In a bid to reduce the number of cancellations by cab drivers, the Delhi government is now looking to ask aggregator companies to ensure that their drivers are shown both the pick-up and drop-off locations before they accept a booking.
This comes in the backdrop of Ola recently introducing a similar feature after recognising that a large chunk of cancellations from drivers after accepting a booking was because they did not wish to travel to the destination. An Uber spokesperson said the company is testing a feature that is alike, which has currently been made available to select drivers across different cities.
Now, the Delhi government’s Transport Department is considering mandating the feature by working it into its Draft Motor Vehicle Aggregator Policy of 2022, which was put out in the public domain in February this year for suggestions. The drop-off mandate would also apply to food delivery and other delivery executives.
A senior government official told The Hindu that the government has so far held three rounds of consultations with around 20 stakeholders regarding the policy, which include food delivery companies, cab aggregators, intra-city parcel delivery services and other agencies.
Ashish Kundra, Transport Secretary and Commissioner, said the draft policy is just a beginning to see how they can strike a regulatory balance between the interests of the end-users, the drivers, and the aggregator companies .
Mr. Kundra said even after regulating fares by capping surge pricing, cab aggregator companies charge more than the cab fares notified by the Transport Department. However, he added, as the customers are willing to pay the high fares, they expect a basic quality of services in return. This is one of the reasons why the current draft includes action against drivers based on the ratings they get from passengers, he added.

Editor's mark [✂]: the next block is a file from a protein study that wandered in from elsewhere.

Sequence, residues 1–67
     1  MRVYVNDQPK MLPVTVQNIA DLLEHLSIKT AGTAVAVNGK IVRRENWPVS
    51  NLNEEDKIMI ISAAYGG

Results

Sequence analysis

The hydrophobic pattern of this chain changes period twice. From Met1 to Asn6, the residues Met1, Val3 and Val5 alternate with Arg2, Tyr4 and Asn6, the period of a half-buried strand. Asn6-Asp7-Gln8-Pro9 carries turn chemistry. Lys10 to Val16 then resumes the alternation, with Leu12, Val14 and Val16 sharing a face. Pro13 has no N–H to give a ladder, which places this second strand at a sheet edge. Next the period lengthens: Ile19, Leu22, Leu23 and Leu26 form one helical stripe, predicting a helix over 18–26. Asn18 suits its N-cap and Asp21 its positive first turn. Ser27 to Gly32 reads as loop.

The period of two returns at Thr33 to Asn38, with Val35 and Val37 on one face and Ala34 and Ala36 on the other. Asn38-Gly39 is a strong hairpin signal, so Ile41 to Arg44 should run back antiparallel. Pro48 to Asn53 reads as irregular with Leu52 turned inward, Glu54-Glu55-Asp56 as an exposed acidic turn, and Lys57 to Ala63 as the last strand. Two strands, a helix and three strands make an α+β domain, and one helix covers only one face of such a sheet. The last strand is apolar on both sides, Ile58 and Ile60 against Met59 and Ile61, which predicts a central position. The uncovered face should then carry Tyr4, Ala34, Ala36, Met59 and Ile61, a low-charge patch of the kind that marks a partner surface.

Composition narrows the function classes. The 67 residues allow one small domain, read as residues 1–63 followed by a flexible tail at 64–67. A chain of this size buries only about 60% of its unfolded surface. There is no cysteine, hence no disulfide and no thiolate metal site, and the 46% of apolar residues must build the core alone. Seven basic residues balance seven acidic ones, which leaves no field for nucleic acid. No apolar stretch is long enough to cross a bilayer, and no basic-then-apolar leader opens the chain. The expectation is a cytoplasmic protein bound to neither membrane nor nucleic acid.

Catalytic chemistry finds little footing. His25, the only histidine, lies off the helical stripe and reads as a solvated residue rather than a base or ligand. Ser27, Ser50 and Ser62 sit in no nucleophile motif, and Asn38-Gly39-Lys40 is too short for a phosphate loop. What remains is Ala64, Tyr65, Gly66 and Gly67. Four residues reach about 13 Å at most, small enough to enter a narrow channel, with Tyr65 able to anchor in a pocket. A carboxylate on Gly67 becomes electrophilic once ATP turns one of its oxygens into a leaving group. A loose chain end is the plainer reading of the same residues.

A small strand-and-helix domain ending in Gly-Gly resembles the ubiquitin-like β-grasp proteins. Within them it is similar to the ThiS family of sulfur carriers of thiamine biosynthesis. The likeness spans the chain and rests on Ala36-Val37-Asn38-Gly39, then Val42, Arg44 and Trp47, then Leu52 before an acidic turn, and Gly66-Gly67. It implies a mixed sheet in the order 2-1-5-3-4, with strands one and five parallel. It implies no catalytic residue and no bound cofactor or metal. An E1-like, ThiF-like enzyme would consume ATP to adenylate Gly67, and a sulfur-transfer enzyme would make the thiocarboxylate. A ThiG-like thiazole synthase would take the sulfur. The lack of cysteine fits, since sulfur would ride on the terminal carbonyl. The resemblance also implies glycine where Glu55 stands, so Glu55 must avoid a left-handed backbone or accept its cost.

Regulatory action against drivers
The Draft Motor Vehicle Aggregator Policy, 2022 mandates vehicle maintenance through a number of criteria — vehicle registration, vehicle age not older than 5 years, valid fitness certificate, insurance, pollution certificate, clear branding logo of the aggregator and installation of panic buttons, fire extinguishers, child lock mechanism, etc.
It also provides for specific actions against drivers with a rating lower than 3.5 stars for over one year, which includes a period of remedial training, followed by an observational period to monitor improvement; failing to achieve these, drivers may lose their PSV (Public Service Vehicle) badge.
Apart from its programmes that sensitise drivers and suggest ways to improve their ratings, Ola said it has penal provisions for drivers against whom serious grievances are raised, ranging from a short-term suspension from the platform to permanent blacklisting, which is a rarity. Asked about similar penalties for Uber drivers, the spokesperson said, “Consistent poor rating and negative feedback may result in the driver or a rider losing access to the Uber app.”
Kamaljeet Gill, president of Sarvodaya Drivers Association of Delhi said the policy gives the passenger too much power over the driver. “Firstly, riders should be placed as drivers have been. Just like drivers are subject to an action for their 1-year rating, passengers should also be subject to dismissal from the platform based on their ratings.”
As for cancellations, Gill, who is also the vice-president of the Indian Federation of App-based Transport Workers, added that passengers should also face consequences for frivolous cancellations.
When made public, the Draft policy was touted by the Delhi government as a “historic step” in the Capital’s efforts to switch to electric vehicles. Along with spelling out other regulatory mechanisms for the aggregator companies, the Draft most notably mandates a minimum threshold of electric vehicles in their fleets. By March 31, 2023, 50% of all new two-wheelers and 25% of all new four-wheelers onboarded by aggregators and delivery services should be electric.